The Sustainable Food Policy Alliance (SFPA) and the National Association of State Departments of Agriculture (NASDA) offered comments in response to the House Select Committee on the Climate Crisis’s request for recommendations on policies, strategies and innovations necessary to reduce greenhouse gas emissions, maximize carbon storage and enhance the climate resilience of farmers and ranchers.
Earlier this year, SFPA member companies Danone North America, Mars Incorporated, Nestlé USA and Unilever United States released a set of climate policy principles and urged the U.S. government to adopt policies that will significantly reduce greenhouse gas emissions across the economy, in addition to the efforts underway by SFPA’s individual member companies to implement solutions to reduce their overall environmental footprints. Likewise, NASDA members recently adopted a climate resiliency policy that acknowledges the necessity of adapting to a changing climate to protect and enhance our nation’s natural resources, while also building a resilient agricultural and food supply chain.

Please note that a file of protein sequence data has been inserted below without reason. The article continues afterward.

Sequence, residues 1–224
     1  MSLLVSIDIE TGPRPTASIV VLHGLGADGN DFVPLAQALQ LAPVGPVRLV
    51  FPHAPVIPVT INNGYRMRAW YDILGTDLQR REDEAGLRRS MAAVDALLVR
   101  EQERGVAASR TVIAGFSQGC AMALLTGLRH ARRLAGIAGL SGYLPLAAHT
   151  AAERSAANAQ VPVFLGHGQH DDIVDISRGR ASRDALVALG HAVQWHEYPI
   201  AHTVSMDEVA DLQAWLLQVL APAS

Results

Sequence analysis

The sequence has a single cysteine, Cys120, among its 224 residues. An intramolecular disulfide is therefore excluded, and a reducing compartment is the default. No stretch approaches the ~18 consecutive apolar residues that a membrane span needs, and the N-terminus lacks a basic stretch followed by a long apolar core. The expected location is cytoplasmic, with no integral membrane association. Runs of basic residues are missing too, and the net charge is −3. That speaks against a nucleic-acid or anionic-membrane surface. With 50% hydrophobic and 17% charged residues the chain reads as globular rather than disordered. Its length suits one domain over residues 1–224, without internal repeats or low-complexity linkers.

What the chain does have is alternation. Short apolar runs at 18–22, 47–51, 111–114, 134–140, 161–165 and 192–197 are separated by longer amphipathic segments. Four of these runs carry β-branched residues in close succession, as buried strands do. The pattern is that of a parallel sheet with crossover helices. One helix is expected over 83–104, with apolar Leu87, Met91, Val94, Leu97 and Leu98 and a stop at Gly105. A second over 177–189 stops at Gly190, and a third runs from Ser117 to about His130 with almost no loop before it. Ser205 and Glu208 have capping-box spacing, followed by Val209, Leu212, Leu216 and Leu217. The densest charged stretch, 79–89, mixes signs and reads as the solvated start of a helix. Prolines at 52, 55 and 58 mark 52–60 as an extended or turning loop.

Recommendations from the organizations include prioritizing voluntary, incentive-based efforts that help farmers and ranchers build resiliency, reduce greenhouse gas emissions, and sequester carbon. Enhancing voluntary, incentive-based programs will likely require additional resources for research, technical assistance, and development of financing models, the comments noted. Given the environmental benefits – including reduced emissions, carbon sequestration, and many others – dedicating such resources would be a wise investment.
The comments also offered support for incentive structures that encourage and scale up environmentally-friendly practices; existing examples of these structures include the Regional Conservation Partnership Program and the soil health provisions in the 2018 Farm Bill. “Congress should support and incentivize a systems approach to soil health management, including supporting the expansion of the wide array of tools needed to incentivize and measure soil health improvements. Soil carbon levels can vary widely across landscapes, regions and time periods,” the comments noted.
The comments also encouraged developing additional research and forecasting tools that can help farmers and ranchers adapt to a changing climate.
“SFPA and NASDA encourage Congress to develop policy and other mechanisms that better identify and address gaps in existing research; support the development of a coordinated research strategy across the federal government; and encourage the development of new or expanded public-private research partnerships,” the comments noted.